As a now three-year campus tour guide, sharing my excitement for the place I call home with prospective students and their families is my favorite part of every week. Interacting with families on an almost daily basis, it is hard not to be reminded of the anxiety, uncertainty and unparalleled excitement that surrounded my college search.
I speak on behalf of the entire tour guide family in expressing my embarrassment for the way that our campus visitors were portrayed in a recent article, “The trouble with tour groups.” The author criticized the behavior of tour groups, painting visitors as slow, disruptive, inconsiderate people who lack the ability to walk properly. April is a busy month for tours, and we tour guides understand the inconveniences that large tour groups often create. However, many of the author’s criticisms are simply not rooted in reality and frankly, our campus visitors and the tour guides that work hard to shape their experiences deserve better.
Prospective students do not, as the author claims, “come only in large packs, all huddling together with bored looks on their faces.” Tours at the University of Massachusetts run all year, including during the summer months. For much of the academic year, tours are small and it is not rare for a tour guide to explore campus with a single family. Understandably, tours become abnormally large during a period of a few weeks in April as the college search enters its final and most critical stage. Furthermore, to describe all prospective students as bored is an unfair generalization. While some students show less interest than others, any tour guide could provide you with countless examples of enthusiastic and inquisitive students excited to make UMass their home.
The author also points to the “uncontrollable behavior” of current students that tours provoke. “I have yet to encounter one group without hearing some overexcited frat boy yell ‘Don’t come here’ or ‘Zoooo,’” the author writes. While situations like this have occurred, they are far from regular and many veteran tour guides have yet to encounter this scenario even once. Far more often, tour guides hear current students shouting “GO UMASS!” or “COME TO UMASS!” What is arguably more embarrassing, as my coworker and friend can attest, is having to explain to a visiting father why he and other campus visitors were being publicly shamed in the school’s newspaper that he picked up from the information desk.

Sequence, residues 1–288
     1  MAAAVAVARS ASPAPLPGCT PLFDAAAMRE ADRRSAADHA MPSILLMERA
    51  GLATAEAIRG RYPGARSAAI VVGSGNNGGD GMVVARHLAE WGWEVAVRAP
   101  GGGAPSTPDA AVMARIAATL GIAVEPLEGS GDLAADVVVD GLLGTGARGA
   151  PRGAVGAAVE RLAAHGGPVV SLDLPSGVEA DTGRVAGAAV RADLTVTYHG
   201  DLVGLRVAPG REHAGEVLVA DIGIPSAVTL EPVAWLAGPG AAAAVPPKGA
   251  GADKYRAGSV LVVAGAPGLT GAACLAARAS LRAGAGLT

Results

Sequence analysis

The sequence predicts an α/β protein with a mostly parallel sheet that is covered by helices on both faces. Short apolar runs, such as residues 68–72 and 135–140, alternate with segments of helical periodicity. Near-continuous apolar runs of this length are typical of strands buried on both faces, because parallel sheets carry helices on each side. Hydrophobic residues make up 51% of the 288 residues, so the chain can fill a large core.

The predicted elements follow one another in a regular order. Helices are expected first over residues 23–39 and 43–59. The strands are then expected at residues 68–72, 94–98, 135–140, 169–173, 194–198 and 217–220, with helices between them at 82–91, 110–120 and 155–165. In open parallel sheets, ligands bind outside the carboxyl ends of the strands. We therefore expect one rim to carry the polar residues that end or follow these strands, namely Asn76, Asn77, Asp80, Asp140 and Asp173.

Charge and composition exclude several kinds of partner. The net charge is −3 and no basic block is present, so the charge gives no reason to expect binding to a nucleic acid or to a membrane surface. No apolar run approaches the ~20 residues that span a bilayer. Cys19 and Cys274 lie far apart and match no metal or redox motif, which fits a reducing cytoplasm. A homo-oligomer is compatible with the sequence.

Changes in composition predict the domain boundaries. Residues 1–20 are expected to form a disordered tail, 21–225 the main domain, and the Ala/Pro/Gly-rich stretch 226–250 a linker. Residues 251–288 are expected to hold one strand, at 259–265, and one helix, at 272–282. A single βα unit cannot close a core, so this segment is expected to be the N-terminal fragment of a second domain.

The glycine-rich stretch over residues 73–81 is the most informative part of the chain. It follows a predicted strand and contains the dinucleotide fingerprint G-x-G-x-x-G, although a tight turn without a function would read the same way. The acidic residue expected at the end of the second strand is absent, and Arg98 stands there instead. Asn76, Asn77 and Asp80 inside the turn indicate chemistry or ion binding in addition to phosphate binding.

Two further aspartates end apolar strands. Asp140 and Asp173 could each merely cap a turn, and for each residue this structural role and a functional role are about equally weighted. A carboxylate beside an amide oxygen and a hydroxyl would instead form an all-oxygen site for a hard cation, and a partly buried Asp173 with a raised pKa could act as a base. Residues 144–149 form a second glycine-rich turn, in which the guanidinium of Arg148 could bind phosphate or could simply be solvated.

UMass has a sizeable campus with many unique attractions that often take guests by surprise. Can we really fault visitors for “looking up or around the room and not where they are walking” as they explore South College’s beautiful new interior or try to imagine how many books fit inside the tallest academic library in the world? Should we really be enraged, as the author is, by a mother’s excitement over smoothies on a campus that takes particular pride in its dining services? Can’t we look past the tragedy of the author’s spilled tea and see the bigger picture?
It is easy to forget that we were all prospective college students just a few years ago. It shouldn’t take that much empathy to recognize that while college students are stressed, so too are students trying to plan their educational futures. However, perhaps I was mistaken in assuming that current students could look past the minor inconveniences caused by a few weeks of large tours and instead be excited to share their home with new students. Perhaps guests should not expect such a level of decency and understanding.
For many prospective students, tours are transformational. Tour guides tell stories of prospective students committing to UMass on the spot because of a tour they gave. Many report providing meaningful consolation and inspiration to students fearful that their social identities may hinder their ability to fit in at college.
Jessi Dimmock, a current tour guide and admissions fellow, eloquently provides an additional perspective.
“Not only are we giving tours to prospective students and their families, but we are also giving tours to high school and middle school groups. Many of these special group tours are given to first generation college students and schools that serve predominantly low-income students. It is through these tours that we inspire children who may not see college as an option to apply here and to begin to envision college in their futures. And though these tours are numerous and may be slightly inconvenient for current students, they teach children how they can make their dreams of becoming nurses, teachers, scientists, etc. a reality.”
She adds that “no amount of spilled tea, filled dining hall seats or crowded hallways should outshine the impact of tours of the UMass campus.”
Can it be frustrating to navigate through a large crowd of families in the Campus Center? Sure. Could there be improvements in the way that we move visitors around campus? Of course. But insults and hurtful generalizations do nothing to serve our students, our visitors or our tour guides. In the end, a little understanding can go a long way.
Christopher Kosteva is a Collegian contributor and can be reached at [email protected]